Genetic modification of plants is accomplished by adding up a specific gene or genes to a plant, or by knocking down a gene having RNAi, to produce a desirable phenotype. The plants resultant from adding a gene is often termed to as transgenic plants. If for genetic modification genes of the species or of a crossable plant are employed beneath control of their native promoter, then they are termed as cisgenic plants. Genetic modification can generate a plant having the desired trait or traits faster than the classical breeding as the majority of the plant's genome is not modified.
To genetically transform a plant, a genetic construct should be designed so that the gene to be added or eliminated will be deduced by the plant. To do this, a promoter to drive transcription and a termination series to stop transcription of the new gene, and the gene or genes of interest should be introduced to the plant. A marker for the selection of transformed plants is as well comprised. In the laboratory, antibiotic resistance is a generally used marker: Plants which have been successfully converted will grow on media having antibiotics; plants which have not been converted will die. In some cases markers for selection are eliminated through backcrossing having the parent plant prior to the commercial release.
Issues and concerns on modern plant breeding:
Modern plant breeding, whether classical or via genetic engineering, comes by means of issues of concern, specifically with regard to food crops. The question of whether breeding can encompass a negative effect on the nutritional value is central in this respect. However relatively little direct research in this region has been done, there are scientific signs that, by favoring some features of a plant's development, other features might be retarded. A study published in the Journal of the American College of Nutrition in the year 2004, entitled Changes in USDA Food Composition Data for 43 Garden Crops, 1950 to 1999, compared nutritional analysis of the vegetables done in the year 1950 and in 1999, and found substantial reduces in six of 13 nutrients measured, comprising 6% of protein and 38% of riboflavin. Decrease in phosphorus, calcium, iron and ascorbic acid were as well found. The study, conducted at the Biochemical Institute, University of Texas at Austin, completed in summary - 'We propose that any real declines are usually most simply explained by changes in cultivated varieties among 1950 and 1999, in which there might be trade-offs between yield and nutrient content'.
The debate nearby genetically modified food throughout the 1990s peaked in early 2000 in terms of media coverage and risk perception and carries on nowadays - for illustration, 'Germany has thrown its weight behind the growing European mutiny over genetically modified crops through banning the planting of a broadly grown pest-resistant corn variety'. The debate includes the environmental impact of genetically modified plants, the safety of genetically modified food and concepts employed for safety evaluation such as substantial equivalence. These concerns are not new to the plant breeding. Most of the countries have regulatory methods in place to help make sure that new crop varieties entering the market-place are both safe and meet up the requirements of farmers.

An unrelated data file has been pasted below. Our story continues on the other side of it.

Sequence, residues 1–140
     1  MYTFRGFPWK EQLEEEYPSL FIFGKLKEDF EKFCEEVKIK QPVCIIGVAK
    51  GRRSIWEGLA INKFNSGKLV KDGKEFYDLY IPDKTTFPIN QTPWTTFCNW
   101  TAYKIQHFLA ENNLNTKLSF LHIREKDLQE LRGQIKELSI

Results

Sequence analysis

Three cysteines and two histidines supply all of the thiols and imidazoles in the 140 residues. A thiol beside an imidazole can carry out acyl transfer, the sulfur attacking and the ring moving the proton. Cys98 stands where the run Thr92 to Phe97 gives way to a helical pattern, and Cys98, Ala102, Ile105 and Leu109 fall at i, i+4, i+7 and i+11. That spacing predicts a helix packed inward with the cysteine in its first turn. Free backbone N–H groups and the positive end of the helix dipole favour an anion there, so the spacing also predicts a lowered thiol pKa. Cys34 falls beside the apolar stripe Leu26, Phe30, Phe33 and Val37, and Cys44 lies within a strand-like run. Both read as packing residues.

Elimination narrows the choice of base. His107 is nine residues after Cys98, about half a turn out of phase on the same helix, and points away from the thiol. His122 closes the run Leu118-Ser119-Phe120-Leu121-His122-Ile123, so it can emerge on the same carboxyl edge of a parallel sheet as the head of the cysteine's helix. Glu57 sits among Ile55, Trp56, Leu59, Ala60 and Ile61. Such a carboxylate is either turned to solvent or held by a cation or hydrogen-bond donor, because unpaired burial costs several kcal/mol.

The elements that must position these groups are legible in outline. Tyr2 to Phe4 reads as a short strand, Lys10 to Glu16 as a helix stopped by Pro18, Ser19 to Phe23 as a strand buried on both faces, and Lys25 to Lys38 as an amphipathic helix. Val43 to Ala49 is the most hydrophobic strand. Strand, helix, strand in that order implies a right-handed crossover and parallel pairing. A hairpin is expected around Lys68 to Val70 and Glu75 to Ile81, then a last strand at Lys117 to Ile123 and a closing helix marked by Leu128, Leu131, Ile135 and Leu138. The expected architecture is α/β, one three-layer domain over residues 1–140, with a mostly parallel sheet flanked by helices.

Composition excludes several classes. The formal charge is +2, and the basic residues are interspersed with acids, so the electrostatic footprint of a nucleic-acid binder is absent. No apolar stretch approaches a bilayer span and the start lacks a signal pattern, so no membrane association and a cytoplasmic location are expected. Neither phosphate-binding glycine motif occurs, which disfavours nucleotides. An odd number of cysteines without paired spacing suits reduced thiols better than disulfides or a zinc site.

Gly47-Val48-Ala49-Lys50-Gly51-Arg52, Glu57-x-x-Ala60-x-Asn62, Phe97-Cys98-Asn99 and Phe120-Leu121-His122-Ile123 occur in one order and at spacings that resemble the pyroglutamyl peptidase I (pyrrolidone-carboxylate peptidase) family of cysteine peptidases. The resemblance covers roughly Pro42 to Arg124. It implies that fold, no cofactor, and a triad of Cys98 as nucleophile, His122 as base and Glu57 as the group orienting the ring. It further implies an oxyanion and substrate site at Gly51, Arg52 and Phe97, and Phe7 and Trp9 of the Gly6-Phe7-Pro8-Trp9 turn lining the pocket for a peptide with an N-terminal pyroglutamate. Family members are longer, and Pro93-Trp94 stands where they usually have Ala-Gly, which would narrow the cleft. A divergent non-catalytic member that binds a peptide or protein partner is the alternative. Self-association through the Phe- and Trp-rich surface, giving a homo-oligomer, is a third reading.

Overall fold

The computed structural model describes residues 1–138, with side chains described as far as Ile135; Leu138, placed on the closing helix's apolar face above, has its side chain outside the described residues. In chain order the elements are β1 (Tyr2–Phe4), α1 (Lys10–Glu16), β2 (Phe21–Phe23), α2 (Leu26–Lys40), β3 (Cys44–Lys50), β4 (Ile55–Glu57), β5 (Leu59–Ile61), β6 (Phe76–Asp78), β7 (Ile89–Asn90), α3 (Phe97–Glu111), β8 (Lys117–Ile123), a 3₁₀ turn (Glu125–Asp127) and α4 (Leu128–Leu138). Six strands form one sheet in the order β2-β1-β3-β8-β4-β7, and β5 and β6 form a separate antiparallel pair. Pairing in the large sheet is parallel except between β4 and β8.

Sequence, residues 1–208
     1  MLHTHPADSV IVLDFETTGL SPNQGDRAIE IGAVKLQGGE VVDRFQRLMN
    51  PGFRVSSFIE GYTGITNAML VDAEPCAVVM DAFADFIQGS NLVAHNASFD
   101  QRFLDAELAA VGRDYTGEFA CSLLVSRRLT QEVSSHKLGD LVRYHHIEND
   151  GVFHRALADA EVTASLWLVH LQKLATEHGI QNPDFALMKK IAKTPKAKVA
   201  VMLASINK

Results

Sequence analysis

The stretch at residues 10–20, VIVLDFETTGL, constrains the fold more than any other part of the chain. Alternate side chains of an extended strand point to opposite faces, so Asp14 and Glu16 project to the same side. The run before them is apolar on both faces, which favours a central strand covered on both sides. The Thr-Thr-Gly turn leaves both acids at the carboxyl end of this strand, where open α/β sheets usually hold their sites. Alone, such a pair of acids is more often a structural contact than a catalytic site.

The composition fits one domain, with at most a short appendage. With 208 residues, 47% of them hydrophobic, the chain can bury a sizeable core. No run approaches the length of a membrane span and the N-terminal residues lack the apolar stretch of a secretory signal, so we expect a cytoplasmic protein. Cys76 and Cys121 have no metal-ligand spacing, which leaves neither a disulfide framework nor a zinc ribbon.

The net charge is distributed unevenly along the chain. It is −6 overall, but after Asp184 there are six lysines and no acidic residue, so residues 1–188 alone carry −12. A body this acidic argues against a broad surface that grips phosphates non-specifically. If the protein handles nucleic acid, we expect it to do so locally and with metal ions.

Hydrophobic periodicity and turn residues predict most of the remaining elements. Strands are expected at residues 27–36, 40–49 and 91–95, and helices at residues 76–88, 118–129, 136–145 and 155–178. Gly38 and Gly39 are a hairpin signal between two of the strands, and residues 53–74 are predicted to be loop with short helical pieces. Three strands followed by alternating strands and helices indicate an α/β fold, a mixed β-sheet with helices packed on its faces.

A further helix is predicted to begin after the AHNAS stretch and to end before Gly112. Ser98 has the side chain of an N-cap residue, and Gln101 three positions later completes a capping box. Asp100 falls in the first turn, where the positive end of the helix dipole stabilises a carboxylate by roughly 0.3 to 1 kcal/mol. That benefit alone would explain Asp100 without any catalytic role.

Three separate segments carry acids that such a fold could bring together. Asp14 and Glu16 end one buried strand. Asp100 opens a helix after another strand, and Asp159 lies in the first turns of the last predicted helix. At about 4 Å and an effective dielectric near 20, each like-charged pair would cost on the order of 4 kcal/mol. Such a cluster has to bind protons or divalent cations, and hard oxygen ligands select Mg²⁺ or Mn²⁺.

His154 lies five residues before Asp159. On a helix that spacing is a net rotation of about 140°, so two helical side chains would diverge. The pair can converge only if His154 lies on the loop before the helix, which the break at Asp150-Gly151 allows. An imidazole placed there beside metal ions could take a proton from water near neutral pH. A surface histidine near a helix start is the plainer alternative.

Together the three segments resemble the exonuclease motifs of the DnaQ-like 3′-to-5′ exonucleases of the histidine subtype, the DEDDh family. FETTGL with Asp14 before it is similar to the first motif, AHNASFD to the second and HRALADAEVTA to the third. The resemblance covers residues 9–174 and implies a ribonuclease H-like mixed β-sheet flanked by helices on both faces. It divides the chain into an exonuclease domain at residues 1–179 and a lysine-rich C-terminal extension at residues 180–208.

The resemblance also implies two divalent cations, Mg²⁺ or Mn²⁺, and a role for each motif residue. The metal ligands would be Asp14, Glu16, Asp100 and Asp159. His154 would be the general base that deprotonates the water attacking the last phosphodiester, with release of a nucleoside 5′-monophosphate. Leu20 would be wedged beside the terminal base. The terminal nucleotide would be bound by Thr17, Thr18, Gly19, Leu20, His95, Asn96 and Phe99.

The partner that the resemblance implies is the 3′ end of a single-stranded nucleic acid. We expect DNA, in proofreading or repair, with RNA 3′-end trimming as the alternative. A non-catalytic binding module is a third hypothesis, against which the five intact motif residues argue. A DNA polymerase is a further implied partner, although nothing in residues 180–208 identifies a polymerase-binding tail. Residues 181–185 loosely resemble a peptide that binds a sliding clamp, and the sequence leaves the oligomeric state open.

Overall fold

Examples comprise variety registration, seed schemes, and regulatory authorizations for GM plants and so on.
Participatory Plant Breeding:
The growth of agricultural science, with phenomenon such as the Green Revolution occurring, has left millions of farmers in developing countries, most of whom work small farms under unstable and difficult growing conditions, in a shaky condition. The adoption of new plant varieties by this group has been obstructed through the constraints of poverty and the international policies promoting an industrialized model of agriculture. Their response has been the creation of a novel and promising set of research process collectively termed as participatory plant breeding. Participatory signifies that farmers are more engaged in the breeding method and breeding goals are stated by farmers rather than international seed companies having their large-scale breeding programs. The groups of farmers and NGOs, for illustration, might wish to verify local people's rights over genetic resources produce seeds themselves, build farmer's technical expertise, or build up new products for niche markets, such as organically grown food.